Extra! Extra! Read all about it! Shouting “Extra! Extra!” before you say something makes it seem more urgent!

There’s a new Twitter account in town, and it’s chronicling the exploits of those “obvious” stories – you know, the ones that claim to cite a brand new, ground breaking study that tells us all what we already know – in the New York Times and other major newspapers. There are some really obvious stories out there, and @NYTOnIt is ON IT.

The folks behind the NYTOnIt Twitter account apparently believe that there is a lot of redundant or irrelevant news that hits the papers these days. They’ve taken it upon themselves to point out whenever a newspaper (mostly the New York Times) states the obvious… and it’s hilarious.

Take a look at a few sample tweets from the account:

“GUYS, people on Twitter use hashtags to communicate in a variety of ways and The Times is ON IT. http://nyti.ms/knScyl”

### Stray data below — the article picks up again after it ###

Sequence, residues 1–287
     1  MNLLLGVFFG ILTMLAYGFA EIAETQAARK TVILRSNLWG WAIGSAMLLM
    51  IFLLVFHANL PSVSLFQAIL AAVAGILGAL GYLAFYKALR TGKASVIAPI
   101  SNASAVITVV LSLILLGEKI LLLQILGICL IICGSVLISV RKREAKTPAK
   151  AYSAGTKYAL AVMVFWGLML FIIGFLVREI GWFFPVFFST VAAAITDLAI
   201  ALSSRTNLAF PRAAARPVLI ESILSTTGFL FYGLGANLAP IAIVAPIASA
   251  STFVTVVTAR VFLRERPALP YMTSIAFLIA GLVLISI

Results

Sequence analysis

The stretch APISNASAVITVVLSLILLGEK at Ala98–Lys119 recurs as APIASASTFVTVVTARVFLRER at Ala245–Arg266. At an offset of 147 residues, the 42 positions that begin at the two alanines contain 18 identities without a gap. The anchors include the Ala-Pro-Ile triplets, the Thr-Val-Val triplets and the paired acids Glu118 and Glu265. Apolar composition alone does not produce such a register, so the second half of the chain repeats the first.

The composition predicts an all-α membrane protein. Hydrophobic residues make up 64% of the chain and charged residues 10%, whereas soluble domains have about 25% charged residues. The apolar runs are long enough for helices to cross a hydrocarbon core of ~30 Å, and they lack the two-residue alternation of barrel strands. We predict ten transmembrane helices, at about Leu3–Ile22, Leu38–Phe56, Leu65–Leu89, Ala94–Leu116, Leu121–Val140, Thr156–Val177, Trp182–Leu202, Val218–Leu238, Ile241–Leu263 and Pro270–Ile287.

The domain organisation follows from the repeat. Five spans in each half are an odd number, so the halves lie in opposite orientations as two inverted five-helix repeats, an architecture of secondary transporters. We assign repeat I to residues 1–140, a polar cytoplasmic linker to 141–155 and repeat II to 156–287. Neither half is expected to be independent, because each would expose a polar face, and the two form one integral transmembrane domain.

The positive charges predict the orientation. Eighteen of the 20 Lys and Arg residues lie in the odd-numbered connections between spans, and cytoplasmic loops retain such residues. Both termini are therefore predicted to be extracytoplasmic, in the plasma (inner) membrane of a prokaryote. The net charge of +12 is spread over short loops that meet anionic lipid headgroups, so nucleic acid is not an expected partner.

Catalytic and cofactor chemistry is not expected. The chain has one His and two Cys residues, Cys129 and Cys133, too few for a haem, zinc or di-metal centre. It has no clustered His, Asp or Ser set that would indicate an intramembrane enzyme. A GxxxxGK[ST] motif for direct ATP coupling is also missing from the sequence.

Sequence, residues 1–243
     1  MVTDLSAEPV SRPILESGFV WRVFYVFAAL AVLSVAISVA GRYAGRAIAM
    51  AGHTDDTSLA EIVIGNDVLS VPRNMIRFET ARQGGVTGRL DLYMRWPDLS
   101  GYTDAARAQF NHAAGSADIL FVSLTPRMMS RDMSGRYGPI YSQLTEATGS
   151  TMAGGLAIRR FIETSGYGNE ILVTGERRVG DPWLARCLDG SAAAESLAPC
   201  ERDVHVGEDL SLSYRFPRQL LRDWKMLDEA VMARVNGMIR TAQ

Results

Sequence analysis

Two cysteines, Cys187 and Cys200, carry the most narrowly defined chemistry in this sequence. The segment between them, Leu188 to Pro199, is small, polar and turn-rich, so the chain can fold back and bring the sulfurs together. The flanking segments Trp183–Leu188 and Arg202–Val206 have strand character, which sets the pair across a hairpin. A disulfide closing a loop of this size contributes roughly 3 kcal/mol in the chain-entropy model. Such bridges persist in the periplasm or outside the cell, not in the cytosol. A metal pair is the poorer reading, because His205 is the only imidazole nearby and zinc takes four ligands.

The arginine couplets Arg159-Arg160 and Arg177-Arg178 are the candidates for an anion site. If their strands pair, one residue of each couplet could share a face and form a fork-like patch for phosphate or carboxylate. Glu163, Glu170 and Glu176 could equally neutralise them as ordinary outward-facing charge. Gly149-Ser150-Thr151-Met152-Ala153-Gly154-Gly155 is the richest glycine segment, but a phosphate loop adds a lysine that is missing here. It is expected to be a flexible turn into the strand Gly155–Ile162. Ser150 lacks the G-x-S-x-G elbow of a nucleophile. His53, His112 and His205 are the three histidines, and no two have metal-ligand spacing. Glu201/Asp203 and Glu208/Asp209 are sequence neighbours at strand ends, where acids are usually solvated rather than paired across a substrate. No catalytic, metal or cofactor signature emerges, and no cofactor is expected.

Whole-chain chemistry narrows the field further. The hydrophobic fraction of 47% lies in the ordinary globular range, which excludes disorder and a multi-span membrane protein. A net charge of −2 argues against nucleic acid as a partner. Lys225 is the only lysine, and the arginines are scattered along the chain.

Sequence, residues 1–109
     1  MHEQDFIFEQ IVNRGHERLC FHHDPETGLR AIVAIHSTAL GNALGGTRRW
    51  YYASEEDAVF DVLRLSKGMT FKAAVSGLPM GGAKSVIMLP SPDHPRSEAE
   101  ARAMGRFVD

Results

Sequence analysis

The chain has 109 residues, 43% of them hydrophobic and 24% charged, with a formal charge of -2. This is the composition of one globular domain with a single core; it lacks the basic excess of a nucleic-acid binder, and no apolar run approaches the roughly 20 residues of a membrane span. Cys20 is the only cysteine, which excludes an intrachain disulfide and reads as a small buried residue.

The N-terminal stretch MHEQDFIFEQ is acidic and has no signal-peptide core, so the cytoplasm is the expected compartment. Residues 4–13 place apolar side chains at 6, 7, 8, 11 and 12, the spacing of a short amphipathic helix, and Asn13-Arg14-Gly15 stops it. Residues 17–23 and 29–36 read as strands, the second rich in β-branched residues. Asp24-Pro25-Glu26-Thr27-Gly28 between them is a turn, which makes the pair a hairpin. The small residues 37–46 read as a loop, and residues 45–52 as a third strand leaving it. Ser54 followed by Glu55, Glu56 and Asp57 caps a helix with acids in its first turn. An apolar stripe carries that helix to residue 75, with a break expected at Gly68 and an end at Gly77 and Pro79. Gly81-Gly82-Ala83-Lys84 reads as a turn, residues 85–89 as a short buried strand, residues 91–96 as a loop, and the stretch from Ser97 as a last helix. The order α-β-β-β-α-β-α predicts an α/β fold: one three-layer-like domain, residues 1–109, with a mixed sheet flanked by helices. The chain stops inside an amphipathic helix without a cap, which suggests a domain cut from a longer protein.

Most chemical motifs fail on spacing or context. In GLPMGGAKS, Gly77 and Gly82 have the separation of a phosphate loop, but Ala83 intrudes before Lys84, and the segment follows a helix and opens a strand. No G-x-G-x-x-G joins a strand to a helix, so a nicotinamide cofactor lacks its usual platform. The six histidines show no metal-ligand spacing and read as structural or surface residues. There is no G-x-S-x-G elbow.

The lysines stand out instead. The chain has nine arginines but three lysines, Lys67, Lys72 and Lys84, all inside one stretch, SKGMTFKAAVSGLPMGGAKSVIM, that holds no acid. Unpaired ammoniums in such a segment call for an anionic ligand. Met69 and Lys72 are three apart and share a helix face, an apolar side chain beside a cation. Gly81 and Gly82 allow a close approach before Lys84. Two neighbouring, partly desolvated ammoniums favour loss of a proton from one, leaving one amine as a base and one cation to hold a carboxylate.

“GUYS, people who get married in Brooklyn often rent food trucks to cater their weddings, and The Journal is ON IT. http://on.wsj.com/lXXXz6″

“GUYS, the Internet allows people to be themselves in good and bad ways, Virginian Heffernan is ON IT. http://nyti.ms/mI9cAp”

“GUYS, it’s noisy in New York City, and The Times is ON IT. http://nyti.ms/jlXi9Y”

Hilarious.

These tweets are all funny, and if you look at the articles in the attached links, they themselves are pretty funny in that they basically tell us what we already know.

But I bet you didn’t know exactly why the “Times Is On It” account exists.

Here’s a description according to its Tumblr account:

“From time to time, this space will serve to mock and highlight the ridiculousness that are lifestyles pieces. After a while, you’ll see that newspapers are just telling us what we already know.”

Yep, all of the stories this account mocks are “lifestyle” pieces, those little fluffy, feel-good stories that fill up a newspaper’s midsection.

I bet the next time you’re reading the lifestyle section of the Times or your local paper, you’ll question just how valuable what you’re reading actually is, thanks to this little Twitter account.

Via Poynter